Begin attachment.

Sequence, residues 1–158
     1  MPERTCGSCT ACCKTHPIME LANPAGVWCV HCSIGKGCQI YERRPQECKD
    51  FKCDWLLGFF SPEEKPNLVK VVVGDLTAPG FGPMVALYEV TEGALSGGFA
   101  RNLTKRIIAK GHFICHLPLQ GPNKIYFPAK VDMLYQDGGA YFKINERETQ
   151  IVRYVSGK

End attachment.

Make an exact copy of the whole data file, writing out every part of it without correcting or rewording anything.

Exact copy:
Sequence, residues 1–158
     1  MPERTCGSCT ACCKTHPIME LANPAGVWCV HCSIGKGCQI YERRPQECKD
    51  FKCDWLLGFF SPEEKPNLVK VVVGDLTAPG FGPMVALYEV TEGALSGGFA
   101  RNLTKRIIAK GHFICHLPLQ GPNKIYFPAK VDMLYQDGGA YFKINERETQ
   151  IVRYVSGK